It is fascinating to discover that wires can be utilized to ionize air, resulting in a unique type of loudspeaker. This method, known as a plasma transducer, involves creating an electric field between parallel wires, which ionizes the surrounding air particles. The charged ions are then propelled along magnetic field lines, causing the remaining non-ionized air to move and generate sound.
Interestingly, if a loudspeaker can produce sound, it can also absorb it.
While the concept of a plasma loudspeaker is not new, scientists at EPFL have recently developed a practical demonstration of the plasma transducer and explored its potential for noise reduction. They introduced a novel concept called the active “plasmacoustic metalayer,” which can be controlled to actively counteract and eliminate noise. Their findings have been published in Nature Communications.
The researchers were intrigued by the idea of using plasma to mitigate noise, as it eliminates one of the crucial components of conventional loudspeakers: the membrane. Traditional loudspeakers, such as those found in cars or homes, employ membranes that are extensively studied for active noise reduction. The “active” aspect refers to the membrane’s ability to be controlled and cancel out specific sounds, as opposed to passive noise reduction achieved by walls or other stationary objects.
The challenge with using conventional loudspeakers as sound absorbers lies in their membranes, which limit their operational frequency range. Membranes function mechanically, vibrating to counteract sound waves in the air. However, their relatively heavy nature—manifested in the membrane’s inertia—restricts their effectiveness in efficiently interacting with rapidly changing sounds or high frequencies.
Stanislav Sergeev, a postdoc at EPFL’s Acoustic Group and the study’s first author, explains the motivation behind their research: “Our goal was to minimize the impact of the membrane, considering its weight. We sought a solution as lightweight as possible, and what could be lighter than air itself? Hence, we ionize the thin air layer between the electrodes, creating what we term a ‘plasmacoustic metalayer.’ By electrically charging the air particles, they can instantaneously respond to external electrical field commands and effectively interact with sound vibrations in the surrounding air, actively canceling them out.”
Continuing his explanation, Sergeev adds, “The communication between the plasma’s electrical control system and the acoustic environment surpasses our expectations in terms of speed compared to a membrane-based system.”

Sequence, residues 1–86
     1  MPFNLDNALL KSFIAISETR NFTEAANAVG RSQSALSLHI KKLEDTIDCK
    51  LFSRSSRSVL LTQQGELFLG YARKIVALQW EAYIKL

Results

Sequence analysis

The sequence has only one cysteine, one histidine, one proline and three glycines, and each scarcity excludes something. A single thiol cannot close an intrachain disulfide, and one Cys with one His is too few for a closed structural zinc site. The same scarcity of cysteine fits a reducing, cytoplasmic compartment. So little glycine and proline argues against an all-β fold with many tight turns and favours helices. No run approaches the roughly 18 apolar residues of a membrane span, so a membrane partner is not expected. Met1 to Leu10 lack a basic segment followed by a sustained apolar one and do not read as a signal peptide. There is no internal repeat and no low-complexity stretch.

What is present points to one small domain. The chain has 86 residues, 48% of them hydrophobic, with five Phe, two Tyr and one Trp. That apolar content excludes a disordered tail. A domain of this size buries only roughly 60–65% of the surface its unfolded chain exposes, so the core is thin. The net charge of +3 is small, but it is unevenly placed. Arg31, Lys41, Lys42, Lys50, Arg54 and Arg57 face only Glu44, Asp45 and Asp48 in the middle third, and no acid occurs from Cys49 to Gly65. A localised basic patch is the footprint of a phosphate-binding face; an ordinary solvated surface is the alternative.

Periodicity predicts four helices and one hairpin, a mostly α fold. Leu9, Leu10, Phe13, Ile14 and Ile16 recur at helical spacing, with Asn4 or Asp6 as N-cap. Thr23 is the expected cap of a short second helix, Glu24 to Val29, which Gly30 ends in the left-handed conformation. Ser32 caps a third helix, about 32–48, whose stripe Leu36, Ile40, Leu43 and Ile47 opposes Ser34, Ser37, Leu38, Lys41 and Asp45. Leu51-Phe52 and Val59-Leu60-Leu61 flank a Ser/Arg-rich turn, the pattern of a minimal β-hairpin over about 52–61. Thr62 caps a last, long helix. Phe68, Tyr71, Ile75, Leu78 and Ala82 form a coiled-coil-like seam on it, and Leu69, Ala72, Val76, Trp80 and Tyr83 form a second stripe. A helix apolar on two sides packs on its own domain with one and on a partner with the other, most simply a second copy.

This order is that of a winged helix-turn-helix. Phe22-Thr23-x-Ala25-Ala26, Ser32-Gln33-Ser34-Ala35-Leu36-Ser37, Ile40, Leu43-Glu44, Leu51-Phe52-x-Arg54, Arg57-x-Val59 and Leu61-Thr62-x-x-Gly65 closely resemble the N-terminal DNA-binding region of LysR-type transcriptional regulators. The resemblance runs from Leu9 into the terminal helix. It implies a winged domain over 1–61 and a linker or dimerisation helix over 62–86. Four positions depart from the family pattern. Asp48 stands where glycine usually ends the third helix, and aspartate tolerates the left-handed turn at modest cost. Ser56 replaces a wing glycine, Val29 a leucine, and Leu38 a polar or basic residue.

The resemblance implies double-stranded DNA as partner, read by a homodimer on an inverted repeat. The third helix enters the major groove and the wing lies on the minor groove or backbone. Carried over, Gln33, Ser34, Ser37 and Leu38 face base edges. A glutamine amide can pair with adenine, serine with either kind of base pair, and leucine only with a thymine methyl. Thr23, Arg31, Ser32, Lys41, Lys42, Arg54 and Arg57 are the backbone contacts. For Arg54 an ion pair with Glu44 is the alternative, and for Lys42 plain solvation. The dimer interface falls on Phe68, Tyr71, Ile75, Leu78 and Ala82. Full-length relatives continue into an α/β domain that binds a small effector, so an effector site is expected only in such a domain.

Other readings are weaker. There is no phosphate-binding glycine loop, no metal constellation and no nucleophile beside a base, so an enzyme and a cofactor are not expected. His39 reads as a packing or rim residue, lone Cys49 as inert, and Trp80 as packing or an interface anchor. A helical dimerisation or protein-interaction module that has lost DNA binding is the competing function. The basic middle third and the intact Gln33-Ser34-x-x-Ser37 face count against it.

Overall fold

Not only does plasma exhibit efficiency in handling high frequencies, but it also showcases remarkable versatility by being adaptable to low frequencies. The researchers demonstrate that they can control the dynamics of thin air plasma layers to effectively interact with sound waves over incredibly small distances, canceling out noise across a wide range of frequencies. The active nature of their device is crucial since passive noise reduction techniques have limitations in terms of the frequency bands they can effectively control.
Furthermore, the plasma absorber offers a more compact solution compared to traditional methods. By exploiting the unique physics of plasmacoustic metalayers, the scientists achieve perfect sound absorption, ensuring that 100% of the incoming sound intensity is absorbed by the metalayer without any reflection. They also achieve tunable acoustic reflection from several Hz to the kHz range, using transparent plasma layers that are only a thousandth of the wavelength in thickness, significantly smaller than conventional noise reduction approaches.
To illustrate the compactness of the plasma absorber, let’s consider a low audible frequency of 20 Hz, where the wavelength is 17 meters long. In this case, the plasma layer would only need to be 17 mm thick to absorb the sound, whereas most traditional noise reduction solutions, like absorbing walls, would require a thickness of at least 4 meters, often making them impractical.
Lissek, a senior scientist at EPFL’s Acoustic Group, enthuses, “The most fascinating aspect of this concept is that, unlike conventional sound absorbers that rely on bulky porous materials or resonant structures, our concept is ethereal in a sense. We have unveiled an entirely new mechanism of sound absorption that can be incredibly thin and lightweight, opening up new possibilities for noise control in scenarios where space and weight are crucial, especially at low frequencies.”
EPFL has entered into a strategic partnership with Sonexos SA, a Swiss audio technology company, to develop state-of-the-art active sound absorbers based on the plasmacoustic metalayer concept. Together, they aim to deliver innovative and efficient noise reduction solutions for a wide range of applications, including automotive, consumer electronics, commercial spaces, and industrial settings.
Mark Donaldson, CEO and Founder of Sonexos, highlights the collaborative effort, stating, “This strategic collaboration combines EPFL’s expertise in material science and acoustics with Sonexos’ proven track record in delivering high-performance audio solutions.”